This is an overview of DDM Support on the IBM System i products.
Resolving The Problem
DDM allows application programs or users to access data files that reside on remote systems, and also allows remote systems to access data files on the local IBM OS/400 or IBM i5/OS system. Any system that supports the DDM architecture as a source system can access data (if authorized to do so) on any other system to which it is attached. The attached system must support DDM as a target system. However, the source and target systems must support compatible subsets and levels of the DDM architecture.
When DDM is in use, neither the application program nor the program user needs to know if the file exists locally or on a remote system. DDM handles remote file processing in essentially the same way as local file processing is handled on the local system, and the application program normally does not receive any indication of where the requested file is located. (However, in error conditions, messages are returned to the user that indicate, when necessary, that a remote system was accessed.) Informational messages about the use of target system files are included in the source system's job log.
DDM can be used to communicate between systems that are architecturally different. For example, although the architectures of the OS/400 or i5/OS system and IBM System/36 are different, these systems can use DDM to access files in each other's database. To successfully communicate with each other, each system must have an implementation of DDM that is compatible with Level 2.0 or below of the IBM DDM architecture. Also, each type of system may use all or only part of the IBM DDM architecture or may have extensions to the architecture.
If you are communicating with any non-OS/400 systems, you must consider the level of DDM support provided by those systems for such things as unique security considerations.
Note: The OS/400 and i5/OS system supports only advanced peer-to-peer networking (APPN) to allow DDM access to systems not directly linked to the local system.
Types of DDM Functions That Can Be Done on a Target System
Operations that can be done on files at target systems:
|1.||Allocating, opening, or closing one or more files|
|2.||Reading, writing, changing, or deleting records in a file|
|1.||Copying the contents of a file.|
|2.||Performing operations on physical or logical file members (such as adding, clearing, or removing members), but only |
if the target is an OS/400 or i5/OS system or IBM® System/38™.
|3.||Accessing remote files for nondata purposes, such as:|
- Displaying information about one or more files, using commands such as:
Display File Description (DSPFD)
Display File Field Description (DSPFFD)
These commands can display the file attributes of the DDM file on the source system or the file or field attributes of the remote file on the target system.
- Controlling the locking of files on the target system.
Allocate Object (ALCOBJ)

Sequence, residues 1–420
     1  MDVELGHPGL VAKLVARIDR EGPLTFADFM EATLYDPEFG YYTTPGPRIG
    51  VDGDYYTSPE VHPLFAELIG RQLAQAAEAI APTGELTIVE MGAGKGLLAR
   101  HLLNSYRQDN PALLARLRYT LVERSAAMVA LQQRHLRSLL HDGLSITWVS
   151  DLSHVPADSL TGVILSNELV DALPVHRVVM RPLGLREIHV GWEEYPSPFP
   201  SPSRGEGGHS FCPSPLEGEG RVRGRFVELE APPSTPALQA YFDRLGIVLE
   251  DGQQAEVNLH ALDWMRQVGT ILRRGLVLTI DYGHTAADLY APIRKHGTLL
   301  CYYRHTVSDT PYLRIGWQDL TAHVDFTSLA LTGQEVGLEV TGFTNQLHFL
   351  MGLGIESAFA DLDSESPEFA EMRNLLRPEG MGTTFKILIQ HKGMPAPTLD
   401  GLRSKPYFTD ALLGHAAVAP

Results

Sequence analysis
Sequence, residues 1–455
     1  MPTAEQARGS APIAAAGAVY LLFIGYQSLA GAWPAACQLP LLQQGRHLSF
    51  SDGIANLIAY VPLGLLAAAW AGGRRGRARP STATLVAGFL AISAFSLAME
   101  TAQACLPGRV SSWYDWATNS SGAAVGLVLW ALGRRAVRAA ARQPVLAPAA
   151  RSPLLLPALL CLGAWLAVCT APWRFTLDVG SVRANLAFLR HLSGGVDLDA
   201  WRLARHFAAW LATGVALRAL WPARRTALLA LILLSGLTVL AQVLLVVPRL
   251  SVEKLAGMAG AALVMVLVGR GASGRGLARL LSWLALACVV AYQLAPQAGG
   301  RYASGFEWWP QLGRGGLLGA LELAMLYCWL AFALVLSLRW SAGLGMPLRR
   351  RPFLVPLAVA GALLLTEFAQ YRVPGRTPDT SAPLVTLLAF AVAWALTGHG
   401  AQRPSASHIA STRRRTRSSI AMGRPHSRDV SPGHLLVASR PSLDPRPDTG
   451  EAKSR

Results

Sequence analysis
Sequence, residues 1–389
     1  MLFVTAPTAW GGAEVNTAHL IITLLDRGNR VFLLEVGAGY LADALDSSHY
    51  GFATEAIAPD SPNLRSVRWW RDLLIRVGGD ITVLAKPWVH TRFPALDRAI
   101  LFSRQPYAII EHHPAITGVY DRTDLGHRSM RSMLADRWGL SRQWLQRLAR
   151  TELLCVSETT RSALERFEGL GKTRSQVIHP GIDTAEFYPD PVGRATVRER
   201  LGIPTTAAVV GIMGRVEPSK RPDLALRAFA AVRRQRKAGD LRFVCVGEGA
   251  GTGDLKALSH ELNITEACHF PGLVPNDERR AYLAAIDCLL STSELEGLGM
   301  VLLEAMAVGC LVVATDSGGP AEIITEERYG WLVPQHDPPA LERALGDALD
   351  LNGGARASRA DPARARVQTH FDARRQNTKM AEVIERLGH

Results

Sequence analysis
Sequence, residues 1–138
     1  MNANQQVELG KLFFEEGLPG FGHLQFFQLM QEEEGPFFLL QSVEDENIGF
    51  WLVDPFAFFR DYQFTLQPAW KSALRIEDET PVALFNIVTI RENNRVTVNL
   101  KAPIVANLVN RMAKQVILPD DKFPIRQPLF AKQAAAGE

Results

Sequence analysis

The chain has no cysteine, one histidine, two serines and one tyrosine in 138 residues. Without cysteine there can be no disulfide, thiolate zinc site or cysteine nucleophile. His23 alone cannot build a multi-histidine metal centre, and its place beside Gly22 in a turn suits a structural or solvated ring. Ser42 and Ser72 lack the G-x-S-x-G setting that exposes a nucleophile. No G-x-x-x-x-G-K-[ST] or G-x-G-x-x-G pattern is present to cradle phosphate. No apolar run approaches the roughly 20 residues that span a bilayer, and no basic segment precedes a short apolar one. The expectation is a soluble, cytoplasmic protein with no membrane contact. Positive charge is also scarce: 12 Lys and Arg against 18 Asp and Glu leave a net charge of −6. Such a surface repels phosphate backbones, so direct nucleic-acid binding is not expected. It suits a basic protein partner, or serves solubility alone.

Deallocate Object (DLCOBJ) commands.
- Deleting, renaming, creating, and changing files.
Delete File (DLTF)
Rename Object (RNMOBJ)
Create Physical File (CRTPF)
Create Source Physical File (CRTSRCPF)
Create Logical File (CRTLF)
Change Physical File (CHGPF)
Change Logical File (CHGLF)
Change Source Physical File (CHGSRCPF)
|4.||Accessing remote systems for nondata purposes:|
- Sending a CL command to the target system (an OS/400 or i5/OS system and a System/38 only) so it can be run on the target system.
Submit Remote Command (SBMRMTCMD)
The SBMRMTCMD command is the method used to move, save, or restore files on a target system.
For example, a Move Object (MOVOBJ) command might be sent to move a database file on the target system.
The following are the primary parts used in DDM:
Because remote file processing is much like local file processing, these topics should provide sufficient conceptual information for most users of DDM.
Source DDM (SDDM): Support on the source (or local) OS/400 or i5/OS system that is started within a source job to do DDM functions. Translates requests for remote file access from source system application programs into DDM requests that are routed to the target system for processing. Establishes and manages a DDM conversation with the target system that has the desired remote file.
Target DDM (TDDM): Job that is started on the target (or remote) system as a result of an incoming DDM request and ends when the associated DDM conversation ends. Translates DDM requests for remote file access into data management requests on the target system. Handles the return of the information that is to be sent to the source system.
DDM file: System object with type *FILE that exists on the source system to identify a remote file. Combines the characteristics of a device file and a database file.
As a device file: For an SNA connection, refers to a remote location name, local location name, device name, mode, and a remote network ID to identify a remote system. For a TCP/IP connection, refers to the TCP/IP address of the remote system.
As a database file: Appears to the application program as a database file and serves as the access device between a source system program and a remote file.
Source DDM (SDDM)
When an application program first attempts to access a remote file: A search for the requested DDM file is done on the source system.
Note: No library name, the library list for the job is searched for the specified file. When the file is found, the system accesses the file, determines that it is a DDM file, and starts the SDDM.